The study population has been described previously _{2} ratios of each probe were calculated using the normalized intensities of the Cy5 (sample) and Cy3 (reference) channels. We then assessed all probes for variability using the Bioconductor package CNVTools, and eliminated probes without variability. A mean Log_{2} ratio for each CNV region was then calculated, and is directly analyzed (total N after QC = 17,957 autosomal CNV regions). CNV frequency calls were based on CNVTools, with the largest bin assumed to be the 2-copy version. For validation, a small subset of regions were genotyped for copy number by real-time PCR with the Applied Biosystems Taqman copy number assay on a 7900HT instrument

Results

Simulation study

To assess the performance of the family-adjustment algorithm under various scenarios, we performed a simulation study. We generated intensity data based on similar scenarios in

Table

**Sensitivity**

**SNR**

**3**

**4**

**5**

**6**

**7**

MAF=0.1

Unadjusted

0.9095

0.9240

0.9773

0.9942

0.9988

Family adjusted

0.7106

0.9114

0.9757

0.9937

0.9987

MAF=0.2

Unadjusted

0.9340

0.9777

0.9946

0.9990

0.9991

Family adjusted

0.8828

0.9698

0.9922

0.9984

0.9997

MAF=0.3

Unadjusted

0.9368

0.9796

0.9925

0.9852

0.9812

Family adjusted

0.8570

0.9733

0.9950

0.9990

0.9991

**Specificity**

**SNR**

**3**

**4**

**5**

**6**

**7**

MAF=0.1

Unadjusted

0.2867

0.9789

0.9946

0.9990

0.9999

Family adjusted

0.9411

0.9864

0.9961

0.9993

0.9999

MAF=0.2

Unadjusted

0.8975

0.9591

0.9776

0.8582

0.6295

Family adjusted

0.9468

0.9740

0.9917

0.9981

0.9997

MAF=0.3

Unadjusted

0.9353

0.9800

0.9919

0.9812

0.9760

Family adjusted

0.8991

0.9684

0.9927

0.9984

0.9990

**Overall accuracy**

**SNR**

**3**

**4**

**5**

**6**

**7**

MAF=0.1

Unadjusted

0.5253

0.9707

0.9838

0.9878

0.9888

Family adjusted

0.9274

0.9697

0.9838

0.9878

0.9888

MAF=0.2

Unadjusted

0.9244

0.9704

0.9620

0.8996

0.7848

Family adjusted

0.9152

0.9708

0.9915

0.9980

0.9997

MAF=0.3

Unadjusted

0.8761

0.9709

0.9895

0.9809

0.9761

Family adjusted

0.8282

0.9545

0.9896

0.9977

0.9987

Simulation: Gaussian mixture models

**Simulation: Gaussian mixture models.** Gaussian Mixture Model fit for one of the simulated CNV regions with MAF=0.1 and SNR=3. The Gaussian mixture components are shown in different colors and overlaid the histogram.

Simulation: Before and after family adjustment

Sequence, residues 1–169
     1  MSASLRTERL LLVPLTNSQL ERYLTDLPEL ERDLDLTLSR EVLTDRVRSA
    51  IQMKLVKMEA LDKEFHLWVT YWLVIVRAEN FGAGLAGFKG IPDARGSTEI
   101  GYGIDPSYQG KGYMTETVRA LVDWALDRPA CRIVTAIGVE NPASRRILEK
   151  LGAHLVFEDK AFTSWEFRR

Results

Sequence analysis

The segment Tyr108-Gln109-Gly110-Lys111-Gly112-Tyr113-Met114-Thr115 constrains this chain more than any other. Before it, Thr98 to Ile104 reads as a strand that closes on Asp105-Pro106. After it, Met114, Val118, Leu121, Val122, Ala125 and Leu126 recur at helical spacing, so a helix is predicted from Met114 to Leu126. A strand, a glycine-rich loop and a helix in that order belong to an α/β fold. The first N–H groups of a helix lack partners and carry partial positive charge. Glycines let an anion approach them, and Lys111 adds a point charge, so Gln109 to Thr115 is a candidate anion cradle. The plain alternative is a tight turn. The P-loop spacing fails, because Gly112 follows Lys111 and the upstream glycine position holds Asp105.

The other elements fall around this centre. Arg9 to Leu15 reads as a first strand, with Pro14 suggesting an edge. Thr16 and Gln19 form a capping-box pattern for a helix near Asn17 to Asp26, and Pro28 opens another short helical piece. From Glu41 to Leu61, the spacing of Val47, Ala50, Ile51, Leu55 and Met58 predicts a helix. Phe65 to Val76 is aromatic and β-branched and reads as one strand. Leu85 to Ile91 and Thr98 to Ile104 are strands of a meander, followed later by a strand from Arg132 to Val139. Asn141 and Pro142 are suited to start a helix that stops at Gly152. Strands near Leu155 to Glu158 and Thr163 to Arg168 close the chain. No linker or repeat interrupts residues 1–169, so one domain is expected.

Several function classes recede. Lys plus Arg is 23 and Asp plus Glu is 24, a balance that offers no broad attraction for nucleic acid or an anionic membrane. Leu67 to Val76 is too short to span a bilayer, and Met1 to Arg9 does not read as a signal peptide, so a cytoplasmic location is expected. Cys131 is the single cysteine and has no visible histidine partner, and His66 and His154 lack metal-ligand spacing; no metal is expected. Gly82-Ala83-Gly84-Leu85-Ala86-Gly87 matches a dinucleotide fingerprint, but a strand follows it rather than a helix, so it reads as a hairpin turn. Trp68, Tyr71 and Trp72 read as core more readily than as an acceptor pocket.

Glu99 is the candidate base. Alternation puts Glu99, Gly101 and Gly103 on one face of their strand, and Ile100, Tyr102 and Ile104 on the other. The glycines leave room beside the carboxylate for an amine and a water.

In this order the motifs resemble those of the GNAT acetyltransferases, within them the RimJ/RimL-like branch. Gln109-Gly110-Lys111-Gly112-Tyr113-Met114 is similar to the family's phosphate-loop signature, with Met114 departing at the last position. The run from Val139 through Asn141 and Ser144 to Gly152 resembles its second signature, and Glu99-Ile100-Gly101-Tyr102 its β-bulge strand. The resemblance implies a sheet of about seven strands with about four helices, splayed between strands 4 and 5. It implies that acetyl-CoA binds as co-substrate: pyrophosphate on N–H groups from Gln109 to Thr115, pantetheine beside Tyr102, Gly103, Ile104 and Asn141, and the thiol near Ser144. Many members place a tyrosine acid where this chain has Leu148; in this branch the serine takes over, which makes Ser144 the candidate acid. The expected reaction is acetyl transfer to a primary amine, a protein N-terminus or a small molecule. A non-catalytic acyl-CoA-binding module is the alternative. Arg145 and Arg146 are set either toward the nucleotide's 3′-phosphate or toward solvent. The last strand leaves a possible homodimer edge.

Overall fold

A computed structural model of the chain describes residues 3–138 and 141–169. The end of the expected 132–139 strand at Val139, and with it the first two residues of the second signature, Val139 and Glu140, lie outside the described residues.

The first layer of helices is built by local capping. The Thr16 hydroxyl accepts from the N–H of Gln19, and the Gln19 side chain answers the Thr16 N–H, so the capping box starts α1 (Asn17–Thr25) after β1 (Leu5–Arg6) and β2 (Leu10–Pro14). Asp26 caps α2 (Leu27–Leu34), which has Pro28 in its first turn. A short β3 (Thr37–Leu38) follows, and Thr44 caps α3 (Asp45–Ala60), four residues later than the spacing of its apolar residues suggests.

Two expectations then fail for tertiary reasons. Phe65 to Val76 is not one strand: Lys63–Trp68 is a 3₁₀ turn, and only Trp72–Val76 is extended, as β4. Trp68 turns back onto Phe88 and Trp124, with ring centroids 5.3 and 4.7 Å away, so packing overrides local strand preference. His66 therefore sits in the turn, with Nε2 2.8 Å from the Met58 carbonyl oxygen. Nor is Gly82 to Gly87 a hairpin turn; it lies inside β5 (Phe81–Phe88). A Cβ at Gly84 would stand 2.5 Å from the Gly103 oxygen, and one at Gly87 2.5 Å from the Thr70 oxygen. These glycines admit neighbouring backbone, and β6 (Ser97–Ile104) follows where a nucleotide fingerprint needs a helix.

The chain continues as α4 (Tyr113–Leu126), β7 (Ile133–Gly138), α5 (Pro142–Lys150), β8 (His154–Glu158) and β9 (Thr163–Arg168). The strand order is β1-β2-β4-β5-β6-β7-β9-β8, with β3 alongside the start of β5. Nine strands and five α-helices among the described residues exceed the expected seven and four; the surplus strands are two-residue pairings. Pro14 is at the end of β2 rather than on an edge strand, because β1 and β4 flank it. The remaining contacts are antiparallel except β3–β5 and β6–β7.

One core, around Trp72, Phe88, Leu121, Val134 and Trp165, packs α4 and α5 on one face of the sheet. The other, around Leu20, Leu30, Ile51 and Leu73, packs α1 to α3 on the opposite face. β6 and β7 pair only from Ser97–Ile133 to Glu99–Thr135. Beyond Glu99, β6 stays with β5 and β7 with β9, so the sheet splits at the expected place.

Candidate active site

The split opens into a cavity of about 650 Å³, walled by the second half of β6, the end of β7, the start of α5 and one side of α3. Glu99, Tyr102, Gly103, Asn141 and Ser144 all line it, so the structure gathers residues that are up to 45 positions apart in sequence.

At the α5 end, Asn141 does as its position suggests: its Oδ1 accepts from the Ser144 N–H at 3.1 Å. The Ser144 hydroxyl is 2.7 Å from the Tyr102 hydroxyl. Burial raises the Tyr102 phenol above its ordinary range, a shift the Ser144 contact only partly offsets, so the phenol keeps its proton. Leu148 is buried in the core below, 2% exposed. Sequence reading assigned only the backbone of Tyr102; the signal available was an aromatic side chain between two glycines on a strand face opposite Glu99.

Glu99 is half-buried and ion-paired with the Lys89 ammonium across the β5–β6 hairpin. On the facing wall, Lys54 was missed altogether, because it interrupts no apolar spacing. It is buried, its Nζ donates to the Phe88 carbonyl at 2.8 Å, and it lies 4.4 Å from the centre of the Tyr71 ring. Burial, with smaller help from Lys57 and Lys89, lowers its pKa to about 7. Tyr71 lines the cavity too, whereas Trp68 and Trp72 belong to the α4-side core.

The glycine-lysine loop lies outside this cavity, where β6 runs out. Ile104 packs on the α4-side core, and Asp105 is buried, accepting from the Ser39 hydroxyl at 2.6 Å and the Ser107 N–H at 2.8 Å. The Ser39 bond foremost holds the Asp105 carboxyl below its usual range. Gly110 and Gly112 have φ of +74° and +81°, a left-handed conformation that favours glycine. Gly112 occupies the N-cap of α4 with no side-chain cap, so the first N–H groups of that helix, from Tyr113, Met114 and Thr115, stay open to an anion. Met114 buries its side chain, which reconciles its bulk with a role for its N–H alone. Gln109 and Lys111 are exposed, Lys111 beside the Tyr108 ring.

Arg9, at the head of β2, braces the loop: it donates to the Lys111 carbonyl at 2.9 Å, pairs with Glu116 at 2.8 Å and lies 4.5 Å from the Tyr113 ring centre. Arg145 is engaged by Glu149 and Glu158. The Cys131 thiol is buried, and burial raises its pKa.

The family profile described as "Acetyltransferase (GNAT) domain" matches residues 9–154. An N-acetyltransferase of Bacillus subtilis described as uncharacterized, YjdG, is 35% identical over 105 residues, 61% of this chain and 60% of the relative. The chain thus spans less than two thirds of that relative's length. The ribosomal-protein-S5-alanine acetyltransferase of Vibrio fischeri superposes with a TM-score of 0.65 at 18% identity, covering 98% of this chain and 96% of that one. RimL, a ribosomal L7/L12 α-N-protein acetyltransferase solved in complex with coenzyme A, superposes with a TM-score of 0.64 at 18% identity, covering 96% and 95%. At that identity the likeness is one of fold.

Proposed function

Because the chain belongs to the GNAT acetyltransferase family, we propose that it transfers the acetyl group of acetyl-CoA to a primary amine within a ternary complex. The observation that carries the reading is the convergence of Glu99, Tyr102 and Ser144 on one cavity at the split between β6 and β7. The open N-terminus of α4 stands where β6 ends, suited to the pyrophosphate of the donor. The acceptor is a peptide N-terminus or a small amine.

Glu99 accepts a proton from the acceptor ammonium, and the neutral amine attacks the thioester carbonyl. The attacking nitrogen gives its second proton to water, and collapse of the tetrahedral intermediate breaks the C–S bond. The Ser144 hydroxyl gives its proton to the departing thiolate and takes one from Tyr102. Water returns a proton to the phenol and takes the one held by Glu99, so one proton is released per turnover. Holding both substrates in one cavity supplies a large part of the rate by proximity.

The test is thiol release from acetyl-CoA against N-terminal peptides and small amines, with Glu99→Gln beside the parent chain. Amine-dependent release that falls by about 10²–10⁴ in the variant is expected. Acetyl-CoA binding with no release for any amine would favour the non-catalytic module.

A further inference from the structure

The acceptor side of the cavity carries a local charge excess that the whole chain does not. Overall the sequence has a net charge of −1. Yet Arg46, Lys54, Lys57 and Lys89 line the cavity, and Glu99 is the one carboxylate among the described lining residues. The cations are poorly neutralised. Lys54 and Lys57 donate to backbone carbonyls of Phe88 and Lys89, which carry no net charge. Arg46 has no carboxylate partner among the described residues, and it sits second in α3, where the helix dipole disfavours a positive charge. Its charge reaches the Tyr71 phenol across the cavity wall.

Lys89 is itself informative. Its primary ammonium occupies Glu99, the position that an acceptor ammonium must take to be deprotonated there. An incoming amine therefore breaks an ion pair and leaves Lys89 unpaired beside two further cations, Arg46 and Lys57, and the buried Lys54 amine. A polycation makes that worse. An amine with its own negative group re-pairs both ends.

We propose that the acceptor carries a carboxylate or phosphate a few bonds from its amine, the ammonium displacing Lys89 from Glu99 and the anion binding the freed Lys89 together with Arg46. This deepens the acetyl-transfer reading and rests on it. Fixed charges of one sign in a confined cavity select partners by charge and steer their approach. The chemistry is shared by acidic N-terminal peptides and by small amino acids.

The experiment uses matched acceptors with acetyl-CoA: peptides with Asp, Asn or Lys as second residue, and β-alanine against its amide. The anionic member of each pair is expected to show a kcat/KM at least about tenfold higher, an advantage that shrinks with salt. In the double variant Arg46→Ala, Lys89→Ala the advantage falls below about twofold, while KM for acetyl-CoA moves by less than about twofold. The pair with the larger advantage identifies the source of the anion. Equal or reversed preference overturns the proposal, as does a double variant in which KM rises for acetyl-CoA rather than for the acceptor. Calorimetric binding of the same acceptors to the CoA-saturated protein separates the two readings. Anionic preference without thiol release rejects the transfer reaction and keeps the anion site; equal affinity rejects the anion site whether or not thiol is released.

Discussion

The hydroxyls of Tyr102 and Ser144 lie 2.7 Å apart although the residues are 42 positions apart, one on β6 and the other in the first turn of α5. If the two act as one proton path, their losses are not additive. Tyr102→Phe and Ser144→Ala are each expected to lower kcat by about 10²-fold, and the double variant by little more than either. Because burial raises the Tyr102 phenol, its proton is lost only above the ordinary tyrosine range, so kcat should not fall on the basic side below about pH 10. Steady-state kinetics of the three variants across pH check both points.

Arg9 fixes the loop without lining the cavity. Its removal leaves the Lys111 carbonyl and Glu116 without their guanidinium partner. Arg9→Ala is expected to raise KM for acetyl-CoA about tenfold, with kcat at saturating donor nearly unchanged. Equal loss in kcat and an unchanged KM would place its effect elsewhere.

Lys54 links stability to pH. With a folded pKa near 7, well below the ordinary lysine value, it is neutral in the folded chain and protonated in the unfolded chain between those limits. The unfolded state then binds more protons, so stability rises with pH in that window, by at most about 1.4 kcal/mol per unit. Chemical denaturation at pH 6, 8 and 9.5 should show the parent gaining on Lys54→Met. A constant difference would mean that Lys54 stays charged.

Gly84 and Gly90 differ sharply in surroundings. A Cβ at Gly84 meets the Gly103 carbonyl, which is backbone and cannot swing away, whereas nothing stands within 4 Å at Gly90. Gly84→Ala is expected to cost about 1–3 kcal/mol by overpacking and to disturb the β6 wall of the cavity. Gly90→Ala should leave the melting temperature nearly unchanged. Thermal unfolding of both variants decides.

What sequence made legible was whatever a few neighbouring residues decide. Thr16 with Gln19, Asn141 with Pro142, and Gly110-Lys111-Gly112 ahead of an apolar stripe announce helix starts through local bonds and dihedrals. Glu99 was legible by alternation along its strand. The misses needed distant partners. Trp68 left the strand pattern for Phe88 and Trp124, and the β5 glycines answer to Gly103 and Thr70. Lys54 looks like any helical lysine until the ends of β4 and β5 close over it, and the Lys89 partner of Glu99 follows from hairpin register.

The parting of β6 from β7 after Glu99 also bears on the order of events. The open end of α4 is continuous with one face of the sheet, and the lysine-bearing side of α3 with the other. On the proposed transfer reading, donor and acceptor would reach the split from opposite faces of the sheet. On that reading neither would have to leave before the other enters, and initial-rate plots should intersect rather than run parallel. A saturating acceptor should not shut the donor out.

**Simulation: Before and after family adjustment.** The raw intensity values and CNV calls from the same simulated CNV regions in Figure

Application on real data

For the real data application, we refitted the Gaussian mixture model to an aCGH dataset of a genome-wide CNV association study of asthma. 14,234 polymorphic (i.e. those with 2 or more clusters) CNV regions assayed on the custom-designed array were evaluated. The GMM was applied with same fixed parameters

We next assessed the impact of family-based adjustment on association testing. Using the genome-wide aCGH data in 385 parent-child trios, we applied the CNV-FBAT algorithm

The p-values shift after family adjustment

**The p-values shift after family adjustment.** The log fold changes of p-values for association testing after family adjustment for all 14,234 regions (black) and 1,319 “high confidence” regions. CNV frequency is defined as the percentage of subjects in our population with copy number gain or loss.

The p-values shift after family adjustment

**The p-values shift after family adjustment.** Boxplots of log p-values fold changes by CNV frequency.

QQ-plot for asthma association test after family adjustment

**QQ-plot for asthma association test after family adjustment.** The QQ-plots after family adjustment for 661 “high confidence” regions with CNV frequency greater than 10%.

We also assessed the utility of our method in the analysis of rare variants. We focused on 50 CNV regions overlapped or near known asthma candidate genes

**Total CNV**

**Offsprings CNV**

**De novo**

Gaussian mixture model

1157

398

227

Family-adjusted

749

205

73

Figure

Histograms and scatter plots for 2 asthma-associated CNV regions validated with qPCR

**Histograms and scatter plots for 2 asthma-associated CNV regions validated with qPCR.** The histograms (panels **A/D**) are of all samples in the two asthma CNV regions. The scatter plots (panels **B/C/E/F**) are of the 46 samples with both Agilent array and qPCR measurements. (x-axis) represents the log2 ratios from CGH arrays and the y-axis represents the copy number estimates from qPCR. The scatter plots for unadjusted GMM (panels **B/E**) and family adjusted (panels **C/F**) are the same but colored differently indicating CNV calls (clusters).